The search was limited to English, German and Dutch studies, because these are the languages that the review authors are able to read and understand. Two review authors independently examined all titles and abstracts that met our search terms and reviewed full publications, when necessary. In addition, the reference sections of all primary studies were inspected for additional references. Studies were included that describe transforaminal endoscopic surgery for adult patients with symptomatic lumbar disc herniations. As we expected only a limited number of randomized controlled trials in this field, we also included observational studies (non-randomized controlled clinical trials, cohort studies, case–control studies and retrospective patient series). To be included, studies had to report on more than 15 cases, with a follow-up period of more than 6 weeks.

Data extraction

Two review authors independently extracted relevant data from the included studies regarding design, population (e.g. age, gender, duration of complaints before surgery, etc), type of surgery, type of control intervention, follow-up period and outcomes. Primary outcomes that were considered relevant are pain intensity (e.g. visual analogue scale or numerical rating scale), functional status (e.g. Roland Morris Disability Scale, Oswestry Scale), global perceived effect (e.g. McNab score, percentage patients improved), vocational outcomes (e.g. percentage return to work, number of days of sick leave), and other outcomes (recurrences, complication, re-operation and patient satisfaction). We contacted primary authors where necessary for clarification of overlap of data in different articles.

Methodological quality assessment

Two review authors independently assessed the methodological quality of the included studies. Controlled trials were assessed using a criteria list recommended by the Cochrane Back review group as listed in Table 2 [61]. If studies met at least 6 out of the 11 criteria, the study was considered to have a low risk of bias (RoB). If only 5 or less of the criteria were met, the study was labelled as high RoB Non-controlled studies were assessed using a modified 5-point assessment score as listed in Table 3. Disagreements were resolved in a consensus meeting and a third review author was consulted when necessary.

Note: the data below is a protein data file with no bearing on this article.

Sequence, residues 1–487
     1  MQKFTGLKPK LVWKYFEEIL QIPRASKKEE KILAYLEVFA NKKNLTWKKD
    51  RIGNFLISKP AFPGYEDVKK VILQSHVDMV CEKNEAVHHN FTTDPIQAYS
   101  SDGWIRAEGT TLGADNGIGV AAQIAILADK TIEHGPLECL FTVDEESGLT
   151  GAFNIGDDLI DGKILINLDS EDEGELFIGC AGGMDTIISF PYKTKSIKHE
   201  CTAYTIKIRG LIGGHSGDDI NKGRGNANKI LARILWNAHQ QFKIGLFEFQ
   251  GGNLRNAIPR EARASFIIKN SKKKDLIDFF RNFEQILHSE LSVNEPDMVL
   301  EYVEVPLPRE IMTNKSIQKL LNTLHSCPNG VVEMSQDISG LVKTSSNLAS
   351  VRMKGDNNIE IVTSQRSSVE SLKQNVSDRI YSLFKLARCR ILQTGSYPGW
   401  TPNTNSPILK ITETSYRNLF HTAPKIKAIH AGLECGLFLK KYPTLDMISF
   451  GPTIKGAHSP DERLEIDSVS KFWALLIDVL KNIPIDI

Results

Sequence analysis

Table 2

Criteria list for quality assessment of controlled studies

A

Was the method of randomization adequate?

Y

N

?

B

Was the treatment allocation concealed?

Y

N

?

C

Were the groups similar at baseline regarding the most important prognostic indicators?

Y

N

?

D

Was the patient blinded to the intervention?

Y

N

?

E

Was the care provider blinded to the intervention

Y

N

?

F

Was the outcome assessor blinded to the intervention?

Y

N

?

G

Were co-interventions avoided or similar?

Y

N

?

H

Was the compliance acceptable in all groups?

Y

N

?

I

Was the drop out rate described and acceptable?

Y

N

?

J

Was the timing of the outcome assessment in all groups similar?

Y

N

?

K

Did the analysis include an intention to treat analysis?

Y

N

?

? score unclear

A: A random (unpredictable) assignment sequence. Examples of adequate methods are computer generated random number table and use of sealed opaque envelopes. Methods of allocation using date of birth, date of admission, hospital numbers or alternation should not be regarded as appropriate

B: Assignment generated by an independent person not responsible for determining the eligibility of the patients. This person has no information about the persons included in the trial and has no influence on the assignment sequence or on the decision about eligibility of the patient

C: In order to receive a ‘yes’, groups have to be similar at baseline regarding demographic factors, duration and severity of complaints, percentage of patients with neurological symptoms and value of main outcome measure(s)

D: The reviewer determines if enough information about the blinding is given in order to score a ‘yes

E: The reviewer determines if enough information about the blinding is given in order to score a ‘yes’

F: The reviewer determines if enough information about the blinding is given in order to score a ‘yes’